and you have to charge it, not every day, I think
once or twice a week. Now, complications. Hemorrhage. We talked about bleeding. 2%, not 1. 2% overall risk or
bleeding in the brain. Some of that could
be incidental, they just take a picture
after the surgery, they see a little bit of
blood, nobody knows about it, meaning it doesn’t
affect the patient. Or it could be bad,
as he mentioned, it’s very rare that it
causes weakness and so forth. Infection, he mentioned
about like 5%. I personally never saw
it, he had one incident. Device-related, if let’s
say, you have a trauma and you get in a car
accident, this wire that goes from the brain
under the skin to the chest can be broken. It would have to be replaced. And, so, that’s it. And we’ll talk more if you want,
I have a question and answer session about that. Then MRI guided ultrasound,
he already mentioned. Just one word
about that is this. The ultrasound is the
destruction of the brain. Deep brain stimulation
is the stimulation of the brain, which
can be adjusted. So what’s done is done. If you have ultrasound, you
burn that area of the brain, you cannot go back,
you cannot increase it, you cannot decrease it, it
doesn’t cure the disease. It helps for the
symptoms for some time, let’s say four years. In four years, what do you do
when the symptoms come back? There is nothing else to burn. So if you’re younger and
you’re having symptoms, DBS would be the way to go
as opposed to the ultrasound, because with DBS, I can
always adjust the stimulation. Like I’m increasing your
doses of medications, I will increase the
parameters of this stimulation to match the symptoms. If someone is 90, they
have disabling tremor, they cannot go
through this surgery, it might be too much for them. So the ultrasound might
be a better way to deal with that, because they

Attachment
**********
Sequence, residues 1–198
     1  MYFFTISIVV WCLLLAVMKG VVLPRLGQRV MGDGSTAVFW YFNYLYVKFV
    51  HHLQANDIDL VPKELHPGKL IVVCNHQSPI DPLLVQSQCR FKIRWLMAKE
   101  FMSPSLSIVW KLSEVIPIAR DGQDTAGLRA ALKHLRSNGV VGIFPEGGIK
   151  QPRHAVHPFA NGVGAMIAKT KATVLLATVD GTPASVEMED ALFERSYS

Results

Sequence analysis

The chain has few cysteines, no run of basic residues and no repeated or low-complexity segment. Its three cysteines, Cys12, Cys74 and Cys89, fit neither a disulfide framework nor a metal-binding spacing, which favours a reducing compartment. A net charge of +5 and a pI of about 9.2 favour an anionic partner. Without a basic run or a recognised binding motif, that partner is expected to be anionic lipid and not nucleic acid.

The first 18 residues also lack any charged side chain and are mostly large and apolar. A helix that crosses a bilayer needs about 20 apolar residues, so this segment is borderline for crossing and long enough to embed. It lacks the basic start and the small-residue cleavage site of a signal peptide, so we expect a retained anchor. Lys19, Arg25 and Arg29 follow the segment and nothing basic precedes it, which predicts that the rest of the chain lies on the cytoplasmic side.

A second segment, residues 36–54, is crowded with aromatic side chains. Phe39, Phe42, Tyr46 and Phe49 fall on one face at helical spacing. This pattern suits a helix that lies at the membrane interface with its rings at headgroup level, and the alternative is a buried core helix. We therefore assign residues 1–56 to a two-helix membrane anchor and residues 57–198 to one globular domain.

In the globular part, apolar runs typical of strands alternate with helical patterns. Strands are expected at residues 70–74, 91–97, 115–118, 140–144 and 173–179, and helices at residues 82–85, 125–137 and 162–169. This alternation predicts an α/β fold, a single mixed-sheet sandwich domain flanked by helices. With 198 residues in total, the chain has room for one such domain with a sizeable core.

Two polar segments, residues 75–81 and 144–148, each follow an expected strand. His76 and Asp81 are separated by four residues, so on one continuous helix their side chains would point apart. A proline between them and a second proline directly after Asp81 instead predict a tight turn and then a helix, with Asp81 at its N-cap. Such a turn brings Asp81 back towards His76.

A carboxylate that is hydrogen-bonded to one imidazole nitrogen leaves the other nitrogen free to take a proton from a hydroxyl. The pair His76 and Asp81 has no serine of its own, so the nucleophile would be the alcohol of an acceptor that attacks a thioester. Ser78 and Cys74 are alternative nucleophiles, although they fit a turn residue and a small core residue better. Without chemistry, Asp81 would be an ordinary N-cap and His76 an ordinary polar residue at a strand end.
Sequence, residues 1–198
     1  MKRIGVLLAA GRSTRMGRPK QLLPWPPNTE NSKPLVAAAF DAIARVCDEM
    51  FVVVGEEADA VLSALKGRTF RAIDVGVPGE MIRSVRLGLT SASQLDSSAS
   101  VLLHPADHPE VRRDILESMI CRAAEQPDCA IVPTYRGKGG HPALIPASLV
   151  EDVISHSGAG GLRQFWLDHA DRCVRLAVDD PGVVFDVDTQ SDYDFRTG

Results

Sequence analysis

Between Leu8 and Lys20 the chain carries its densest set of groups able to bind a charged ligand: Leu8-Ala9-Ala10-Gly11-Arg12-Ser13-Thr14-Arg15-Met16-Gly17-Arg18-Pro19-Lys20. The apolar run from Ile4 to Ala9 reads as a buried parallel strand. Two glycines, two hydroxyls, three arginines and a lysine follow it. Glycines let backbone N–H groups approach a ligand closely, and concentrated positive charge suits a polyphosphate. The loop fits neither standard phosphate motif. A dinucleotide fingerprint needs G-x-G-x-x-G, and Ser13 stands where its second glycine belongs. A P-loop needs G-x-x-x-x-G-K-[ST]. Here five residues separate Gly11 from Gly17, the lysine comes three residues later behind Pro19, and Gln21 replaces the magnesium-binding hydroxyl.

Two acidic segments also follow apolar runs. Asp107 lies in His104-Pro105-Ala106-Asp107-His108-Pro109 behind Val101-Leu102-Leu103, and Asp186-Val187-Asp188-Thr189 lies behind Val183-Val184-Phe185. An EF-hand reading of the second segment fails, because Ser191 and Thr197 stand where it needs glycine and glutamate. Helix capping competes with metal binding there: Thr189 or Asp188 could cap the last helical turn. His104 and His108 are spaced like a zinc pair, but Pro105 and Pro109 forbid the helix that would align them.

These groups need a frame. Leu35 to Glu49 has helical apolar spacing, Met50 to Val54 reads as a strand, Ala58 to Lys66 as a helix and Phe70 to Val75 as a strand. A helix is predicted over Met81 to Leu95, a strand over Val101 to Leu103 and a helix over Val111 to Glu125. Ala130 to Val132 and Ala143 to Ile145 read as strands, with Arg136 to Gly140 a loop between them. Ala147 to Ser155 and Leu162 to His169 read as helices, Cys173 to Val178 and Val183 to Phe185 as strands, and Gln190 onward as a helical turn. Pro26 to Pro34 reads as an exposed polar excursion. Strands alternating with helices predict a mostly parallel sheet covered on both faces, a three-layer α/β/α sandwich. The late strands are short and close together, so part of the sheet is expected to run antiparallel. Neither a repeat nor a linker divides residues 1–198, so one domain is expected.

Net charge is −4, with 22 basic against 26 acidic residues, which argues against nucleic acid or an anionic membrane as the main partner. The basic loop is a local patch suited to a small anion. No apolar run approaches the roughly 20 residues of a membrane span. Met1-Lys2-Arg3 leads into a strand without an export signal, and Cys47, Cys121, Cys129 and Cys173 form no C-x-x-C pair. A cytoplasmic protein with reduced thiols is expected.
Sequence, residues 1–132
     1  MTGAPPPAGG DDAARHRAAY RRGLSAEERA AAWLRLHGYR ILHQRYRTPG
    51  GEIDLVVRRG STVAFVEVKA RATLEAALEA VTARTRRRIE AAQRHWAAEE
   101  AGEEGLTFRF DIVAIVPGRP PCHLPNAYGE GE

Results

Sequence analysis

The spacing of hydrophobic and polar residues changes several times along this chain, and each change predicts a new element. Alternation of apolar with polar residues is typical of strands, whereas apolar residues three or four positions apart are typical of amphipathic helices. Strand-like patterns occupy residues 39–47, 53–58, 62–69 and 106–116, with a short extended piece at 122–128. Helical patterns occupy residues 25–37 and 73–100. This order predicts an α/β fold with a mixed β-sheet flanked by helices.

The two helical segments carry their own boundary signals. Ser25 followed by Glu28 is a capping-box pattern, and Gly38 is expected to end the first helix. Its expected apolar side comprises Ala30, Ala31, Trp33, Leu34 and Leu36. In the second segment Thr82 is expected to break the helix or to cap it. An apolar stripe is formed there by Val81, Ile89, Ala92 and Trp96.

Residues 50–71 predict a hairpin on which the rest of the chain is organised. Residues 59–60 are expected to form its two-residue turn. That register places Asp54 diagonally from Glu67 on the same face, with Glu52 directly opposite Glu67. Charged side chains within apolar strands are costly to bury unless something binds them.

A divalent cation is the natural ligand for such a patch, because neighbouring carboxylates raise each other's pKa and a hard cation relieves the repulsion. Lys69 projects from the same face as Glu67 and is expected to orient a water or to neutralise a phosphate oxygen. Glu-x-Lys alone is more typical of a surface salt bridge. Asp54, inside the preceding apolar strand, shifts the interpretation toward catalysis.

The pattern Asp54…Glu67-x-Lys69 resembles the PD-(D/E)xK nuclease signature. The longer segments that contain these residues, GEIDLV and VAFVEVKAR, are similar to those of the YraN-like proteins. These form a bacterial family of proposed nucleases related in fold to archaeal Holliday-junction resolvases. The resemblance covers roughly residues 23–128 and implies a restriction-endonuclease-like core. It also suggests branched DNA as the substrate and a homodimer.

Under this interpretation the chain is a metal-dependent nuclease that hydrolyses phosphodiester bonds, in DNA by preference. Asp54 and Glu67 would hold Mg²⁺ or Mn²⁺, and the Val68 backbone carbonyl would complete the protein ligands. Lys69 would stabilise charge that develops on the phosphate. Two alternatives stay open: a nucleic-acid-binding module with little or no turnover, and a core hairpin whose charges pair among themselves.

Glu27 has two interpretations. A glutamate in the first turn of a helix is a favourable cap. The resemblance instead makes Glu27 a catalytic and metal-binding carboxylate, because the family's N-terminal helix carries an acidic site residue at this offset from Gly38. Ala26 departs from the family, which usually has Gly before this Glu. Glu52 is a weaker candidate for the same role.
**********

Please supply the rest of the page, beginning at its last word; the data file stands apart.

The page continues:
go home right away, there is no incision,
no risk of infection. And you know, it definitely
would help them for five years. So as far as the
bleeding in the brain, the risks of
bleeding in the brain are identical in
both procedures. Even though in ultrasound,
they don’t cut your skin, even, because the beam of
the ultrasound burning the area of the brain
can, on its way, burn some blood vessels
and cause bleeding. Very rare, again like less than
2%, but it’s similar to DBS. OK, so I think for
questions we’ll combine after I
have my colleague. Promising clinical trials. So I think we have to talk
about that a little bit. We’ll have to cut
out something else, but I just want to go
through a couple of things before we take a break. So a couple of things to mention
are symptomatic therapies. So these are, again
the chosen trials that I chose for you because
you need to be aware of that. Instead of DBS, there is
a possible alternative. You can have a subcutaneous
infusion of levodopa. So what it entails is that
you have a little pump here on your belt, and it’s like
an insulin-like catheter, and the little needle
goes under the skin, and it continuously
secretes levodopa, and that results in
reduction in fluctuations. So right now, they